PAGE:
The PC and console video game market have overtaken Hollywood movies as the number one source of entertainment dollars spent in North America. Very little work has been done to date on the effects that these games are having on (particularly young) players. This project will take well established rhetorical principles (Burke, Fahnestock, Perlman) that have been applied to the analysis of many other multi-media entertainment products and try to build a framework for a video game rhetoric. Rhetoric itself has been thought of for over 2000 years as dangerous based on the possibility of nefarious uses of persuasion. By critically investigating games under well-established rhetorical paradigms we can better understand how this new media is influencing its user base.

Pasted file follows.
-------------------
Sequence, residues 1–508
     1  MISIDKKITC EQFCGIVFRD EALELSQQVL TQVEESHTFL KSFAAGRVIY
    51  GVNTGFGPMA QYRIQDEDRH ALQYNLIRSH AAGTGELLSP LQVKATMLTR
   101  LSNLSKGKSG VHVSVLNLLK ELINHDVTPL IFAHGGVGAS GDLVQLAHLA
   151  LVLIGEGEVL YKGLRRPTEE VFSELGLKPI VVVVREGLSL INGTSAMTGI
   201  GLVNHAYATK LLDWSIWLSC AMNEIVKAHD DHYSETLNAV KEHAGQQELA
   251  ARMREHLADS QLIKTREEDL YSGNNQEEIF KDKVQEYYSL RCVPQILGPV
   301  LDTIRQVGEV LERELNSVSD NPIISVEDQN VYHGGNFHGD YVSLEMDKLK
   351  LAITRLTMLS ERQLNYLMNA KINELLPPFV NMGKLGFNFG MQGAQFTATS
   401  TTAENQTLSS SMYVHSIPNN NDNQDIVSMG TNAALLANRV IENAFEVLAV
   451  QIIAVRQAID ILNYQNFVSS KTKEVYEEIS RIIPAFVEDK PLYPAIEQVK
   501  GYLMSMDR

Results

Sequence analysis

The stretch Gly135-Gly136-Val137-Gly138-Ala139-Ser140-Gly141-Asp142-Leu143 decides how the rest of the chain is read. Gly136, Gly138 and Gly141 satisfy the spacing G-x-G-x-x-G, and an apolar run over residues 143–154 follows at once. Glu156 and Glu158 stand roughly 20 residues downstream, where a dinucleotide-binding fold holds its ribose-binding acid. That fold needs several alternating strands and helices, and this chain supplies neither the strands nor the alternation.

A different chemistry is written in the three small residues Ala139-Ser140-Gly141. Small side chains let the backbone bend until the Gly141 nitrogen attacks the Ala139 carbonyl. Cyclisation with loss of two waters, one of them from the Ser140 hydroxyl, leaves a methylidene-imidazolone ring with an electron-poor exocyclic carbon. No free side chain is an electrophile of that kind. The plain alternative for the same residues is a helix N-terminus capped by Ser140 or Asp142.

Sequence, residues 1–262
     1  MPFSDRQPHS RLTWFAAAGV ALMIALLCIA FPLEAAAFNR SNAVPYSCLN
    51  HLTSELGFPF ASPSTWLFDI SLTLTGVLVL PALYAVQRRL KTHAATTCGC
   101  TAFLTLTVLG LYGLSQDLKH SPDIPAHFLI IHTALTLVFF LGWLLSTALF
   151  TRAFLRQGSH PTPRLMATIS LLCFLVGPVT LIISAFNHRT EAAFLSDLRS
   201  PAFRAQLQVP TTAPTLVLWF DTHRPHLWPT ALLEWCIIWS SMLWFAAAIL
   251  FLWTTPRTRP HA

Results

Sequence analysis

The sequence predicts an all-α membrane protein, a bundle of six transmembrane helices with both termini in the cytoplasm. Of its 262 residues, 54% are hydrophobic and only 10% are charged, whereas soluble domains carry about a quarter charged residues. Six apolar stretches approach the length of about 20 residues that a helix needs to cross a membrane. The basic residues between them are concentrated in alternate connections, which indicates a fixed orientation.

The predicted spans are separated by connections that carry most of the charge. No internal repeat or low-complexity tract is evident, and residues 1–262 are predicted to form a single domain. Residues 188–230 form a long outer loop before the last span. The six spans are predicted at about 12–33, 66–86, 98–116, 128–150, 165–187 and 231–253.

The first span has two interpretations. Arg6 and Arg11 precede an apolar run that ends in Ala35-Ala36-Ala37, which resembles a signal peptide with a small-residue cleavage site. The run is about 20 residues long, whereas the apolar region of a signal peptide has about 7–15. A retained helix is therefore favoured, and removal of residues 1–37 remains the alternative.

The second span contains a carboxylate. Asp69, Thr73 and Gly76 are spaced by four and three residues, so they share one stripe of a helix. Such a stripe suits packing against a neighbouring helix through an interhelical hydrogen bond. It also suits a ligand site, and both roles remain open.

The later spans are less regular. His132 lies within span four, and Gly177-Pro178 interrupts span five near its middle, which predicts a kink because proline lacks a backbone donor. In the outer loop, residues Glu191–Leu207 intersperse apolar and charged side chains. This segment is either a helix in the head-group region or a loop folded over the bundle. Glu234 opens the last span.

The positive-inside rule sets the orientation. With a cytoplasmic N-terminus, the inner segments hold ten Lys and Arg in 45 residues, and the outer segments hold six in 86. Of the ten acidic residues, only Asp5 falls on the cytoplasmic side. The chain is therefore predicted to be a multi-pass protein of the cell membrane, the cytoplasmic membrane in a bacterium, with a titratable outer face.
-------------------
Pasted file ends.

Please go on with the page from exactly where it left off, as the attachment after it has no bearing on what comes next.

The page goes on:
University of Waterloo
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